An Exploding Myth (Posted August 7, 2005)
Gez Lemon of Juicy Studio has written an article, Testing Invalid Content with Accessibility Validators, about accessibility testing tools and what they can do - well more accurately, what they can't do. Joe Clark characterizes this article as "Exploding the myth of automated accessibility checking" on the Web Accessibility Initiative Interest Group mailing list. The mailing lists I normally watch are buzzing with comments about Joe's assertion and about Gez' article.
Prior to the publication of Constructing Accessible Web Sites, I published an early version of my chapter on testing tools. The first section of that chapter, Testing Tools, outlines what can and what cannot be tested relative to the Section 508 Web Accessibility Standards. Although Gez Lemon doesn't phrase it that way, what he has done is something I wanted to do; he has created a web page that exemplifies violations of the WCAG checkpoints (instead of Section 508) that will probably not be detected as errors by the testing tools. That will be a great resource for training in accessibility. We all know it is possible to fool testing tools, and Gez Lemon's example page provides a wonderful set of examples and a wonderful teaching tool.
Testing tools are important. The simple fact is that there is a high correlation between errors that can be checked by software like missing alt text and form controls without labels and those that can't be checked. Perhaps more important, missing alt text and form controls without labels are very important errors .Testing tools can catch these errors much better than a human reviewer can and these errors are important. The process at IBM of monitoring over 13 million pages with automated accessibility checking over the last several years has proved effective in improving the overall accessibility of the IBM internet and intranet web presence - but the necessity of human review is without question and will be discussed in a forthcoming article in the IBM Systems Journal, Managing usability for people with disabilities in a large Web presence.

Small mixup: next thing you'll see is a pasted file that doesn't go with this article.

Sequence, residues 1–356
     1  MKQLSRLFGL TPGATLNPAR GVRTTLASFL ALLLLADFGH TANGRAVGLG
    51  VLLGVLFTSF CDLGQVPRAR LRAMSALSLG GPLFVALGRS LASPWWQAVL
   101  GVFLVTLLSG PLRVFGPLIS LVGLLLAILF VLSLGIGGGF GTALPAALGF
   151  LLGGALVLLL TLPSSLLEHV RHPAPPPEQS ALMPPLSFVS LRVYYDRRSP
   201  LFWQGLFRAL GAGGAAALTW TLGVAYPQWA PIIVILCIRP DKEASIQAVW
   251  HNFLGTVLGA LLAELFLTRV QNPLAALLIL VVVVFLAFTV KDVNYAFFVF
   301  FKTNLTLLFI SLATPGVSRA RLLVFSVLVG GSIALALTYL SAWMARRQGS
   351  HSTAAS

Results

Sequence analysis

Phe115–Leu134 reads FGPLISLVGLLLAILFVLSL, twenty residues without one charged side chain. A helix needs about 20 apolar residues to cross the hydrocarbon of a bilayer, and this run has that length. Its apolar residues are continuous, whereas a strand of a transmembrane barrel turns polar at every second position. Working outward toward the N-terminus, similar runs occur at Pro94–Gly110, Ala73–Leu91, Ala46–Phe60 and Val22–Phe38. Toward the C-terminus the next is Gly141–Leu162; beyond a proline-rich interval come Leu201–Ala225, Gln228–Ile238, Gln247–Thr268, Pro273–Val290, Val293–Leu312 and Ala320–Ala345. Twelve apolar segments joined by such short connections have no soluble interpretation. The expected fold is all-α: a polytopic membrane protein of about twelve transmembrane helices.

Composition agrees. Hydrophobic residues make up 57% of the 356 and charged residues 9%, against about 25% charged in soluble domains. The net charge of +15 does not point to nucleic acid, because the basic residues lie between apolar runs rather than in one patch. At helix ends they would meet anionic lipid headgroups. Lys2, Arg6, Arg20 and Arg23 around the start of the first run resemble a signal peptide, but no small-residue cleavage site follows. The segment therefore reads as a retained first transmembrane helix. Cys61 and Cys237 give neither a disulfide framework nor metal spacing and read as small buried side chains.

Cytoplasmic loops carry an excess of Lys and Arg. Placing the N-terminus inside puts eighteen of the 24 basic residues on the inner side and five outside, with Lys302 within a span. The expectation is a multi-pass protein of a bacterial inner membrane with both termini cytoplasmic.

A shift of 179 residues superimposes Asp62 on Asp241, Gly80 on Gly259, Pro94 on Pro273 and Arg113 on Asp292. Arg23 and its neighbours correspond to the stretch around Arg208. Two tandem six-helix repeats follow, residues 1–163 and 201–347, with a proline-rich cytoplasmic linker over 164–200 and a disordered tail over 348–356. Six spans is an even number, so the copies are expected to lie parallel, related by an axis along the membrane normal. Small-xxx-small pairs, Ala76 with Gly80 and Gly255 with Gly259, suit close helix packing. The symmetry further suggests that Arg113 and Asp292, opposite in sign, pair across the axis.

My only criticism of the Gez Lemon article is the suggestion that his results represent the testing tools. In fact they represent only the free single page accessibility checkers, which he called the "leading accessibility validators." You do get what you pay for, and the warnings offered by the real products might have pointed to the possibility of errors in cases he presents.
Since posting this, Gez has contacted me to say that he has modified his article to say that "the test page was tested with accessibility validators that are free to use."
The document that breaks the rules is http://juicystudio.com/experiments/invalid.html. It is a great resource for trainers to emphasize the importance of human review. Stay tuned here for a study of what the real accessibility validators do with what I consider to be checkable accessibility violations. Of course I consider that a much more interesting question.
The only myth exploded is Joe Clark.